Stun gun, Taser, same difference. Not quite. A stun gun and a Taser, to most individuals, mean the same thing, but they actually quite a bit different. Yes, they both shock you, yes they both inflict pain but they do have some differences.
Neither of these devices are intended to do anything but get the perpetrator down on the ground, not kill them. So what is the difference between a stun gun and a Taser, exactly? Still not quite sure?
Stun Gun and Taser: The Shocking Difference
The word Taser is a name of a trademarked product that law enforcement officers use. They have been approved for use and they can be used from a significant distance. Tasers can be used up to 15 feet away from the perpetrator. A stun gun cannot be used from far away. You must have direct body contact with the suspect in order for it to be effective. Stun guns can be purchased in different shapes, sizes, and name brands. There is only one Taser, there are many stun guns. Make sense?
I Want One!
Ok, hold on there, there is some legality involved, depending on the state in which you live when it comes to owning a Taser or stun gun. It is perfectly legal to carry a stun gun or Taser as a method of self-defense. There are some states, however, that say it’s a no-no. These states are: Michigan, New York, Rhode Island, New Jersey, and Wisconsin. So no shocking anyone for their Packers jersey.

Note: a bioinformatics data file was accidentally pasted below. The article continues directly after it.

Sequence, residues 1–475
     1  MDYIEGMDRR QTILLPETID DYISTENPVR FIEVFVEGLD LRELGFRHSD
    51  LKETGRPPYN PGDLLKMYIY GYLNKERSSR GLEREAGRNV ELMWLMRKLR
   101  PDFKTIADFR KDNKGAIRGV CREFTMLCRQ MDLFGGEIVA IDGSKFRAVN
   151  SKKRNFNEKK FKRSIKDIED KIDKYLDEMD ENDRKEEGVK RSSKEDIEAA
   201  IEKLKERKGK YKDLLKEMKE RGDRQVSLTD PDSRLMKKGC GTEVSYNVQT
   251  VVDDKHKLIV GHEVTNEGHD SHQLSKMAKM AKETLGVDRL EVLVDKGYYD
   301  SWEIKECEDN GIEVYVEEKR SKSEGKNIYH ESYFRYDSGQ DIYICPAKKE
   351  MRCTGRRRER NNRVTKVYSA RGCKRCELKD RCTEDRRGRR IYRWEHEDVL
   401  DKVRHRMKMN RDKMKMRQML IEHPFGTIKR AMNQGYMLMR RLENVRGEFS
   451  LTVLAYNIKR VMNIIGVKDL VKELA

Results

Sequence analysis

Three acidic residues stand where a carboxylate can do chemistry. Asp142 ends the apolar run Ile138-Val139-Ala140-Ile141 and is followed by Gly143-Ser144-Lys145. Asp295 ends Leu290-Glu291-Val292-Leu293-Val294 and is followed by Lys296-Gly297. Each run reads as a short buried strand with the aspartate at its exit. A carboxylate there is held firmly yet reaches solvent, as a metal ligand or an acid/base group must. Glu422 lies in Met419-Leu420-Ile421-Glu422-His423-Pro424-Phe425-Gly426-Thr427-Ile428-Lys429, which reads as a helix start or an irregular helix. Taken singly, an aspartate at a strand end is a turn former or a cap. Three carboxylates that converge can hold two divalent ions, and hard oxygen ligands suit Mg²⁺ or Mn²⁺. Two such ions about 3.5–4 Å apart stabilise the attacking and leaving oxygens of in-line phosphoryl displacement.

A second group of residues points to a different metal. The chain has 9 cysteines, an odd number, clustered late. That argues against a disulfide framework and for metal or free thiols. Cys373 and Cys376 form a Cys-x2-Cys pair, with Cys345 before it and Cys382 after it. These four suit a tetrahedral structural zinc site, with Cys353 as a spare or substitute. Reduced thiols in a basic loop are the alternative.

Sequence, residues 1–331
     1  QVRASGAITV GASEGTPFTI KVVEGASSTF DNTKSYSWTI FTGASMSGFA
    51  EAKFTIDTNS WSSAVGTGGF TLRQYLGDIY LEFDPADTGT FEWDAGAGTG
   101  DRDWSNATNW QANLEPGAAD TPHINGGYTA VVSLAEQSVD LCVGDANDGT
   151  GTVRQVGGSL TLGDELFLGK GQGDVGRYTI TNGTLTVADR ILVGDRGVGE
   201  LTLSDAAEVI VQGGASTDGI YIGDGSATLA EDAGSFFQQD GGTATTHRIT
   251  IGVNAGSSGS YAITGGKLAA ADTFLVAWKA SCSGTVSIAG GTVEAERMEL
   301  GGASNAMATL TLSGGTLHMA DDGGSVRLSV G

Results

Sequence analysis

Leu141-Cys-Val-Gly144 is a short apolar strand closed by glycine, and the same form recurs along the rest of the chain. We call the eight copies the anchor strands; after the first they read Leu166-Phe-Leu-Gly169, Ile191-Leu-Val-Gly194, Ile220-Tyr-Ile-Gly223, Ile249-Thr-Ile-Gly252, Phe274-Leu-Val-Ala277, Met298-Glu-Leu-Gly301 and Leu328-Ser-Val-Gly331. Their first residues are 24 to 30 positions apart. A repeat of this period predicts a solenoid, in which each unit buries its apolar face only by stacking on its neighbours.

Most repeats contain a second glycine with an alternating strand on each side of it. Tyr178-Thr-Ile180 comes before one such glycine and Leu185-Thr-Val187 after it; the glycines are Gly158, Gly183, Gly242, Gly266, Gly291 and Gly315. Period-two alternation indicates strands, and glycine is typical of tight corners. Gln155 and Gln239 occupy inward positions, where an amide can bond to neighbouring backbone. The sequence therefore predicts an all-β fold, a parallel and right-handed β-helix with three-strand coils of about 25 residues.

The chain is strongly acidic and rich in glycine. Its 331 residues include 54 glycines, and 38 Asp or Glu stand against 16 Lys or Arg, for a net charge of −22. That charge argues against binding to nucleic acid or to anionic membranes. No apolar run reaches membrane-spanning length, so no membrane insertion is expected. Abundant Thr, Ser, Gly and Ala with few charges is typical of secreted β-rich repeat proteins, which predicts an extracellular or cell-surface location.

How do They Work?
Stun guns hurt. Plain and simple. They disperse a high-voltage current that will hurt the suspect tremendously. There is no permanent injury involved when using a stun gun, it is simply used as a method to stop the suspect in their tracks. The shock typically takes about 3-5 seconds to be effective when directed to specific areas of the body. You will want to focus on an area of the body where there are is a bundle of nerves such as the hips, neck, or stomach region.
One of the biggest difference between stun guns and Tasers, is that the goal of a Taser is not to inflict pain but to focus on the motor nervous system. A Taser attacks the motor nerves and sensory nervous system. Tasers have two 15 foot metal probes that disperse electrical impulses to these areas. It is not a pleasant experience by any means, but the goal of a Taser is not to cause physical agony.
Let’s Wrap This Up
Ok, so that makes sense, right? Here is the rundown of what we’ve covered:
- Taser is a name brand.
- Stun guns can be carried in most states. (no cheese heads)
- Stun guns hurt.
- Tasers are used by law enforcement only.
- Stun guns inflict pain, Tasers inflict the senses.
I hope the results are shockingly clear now.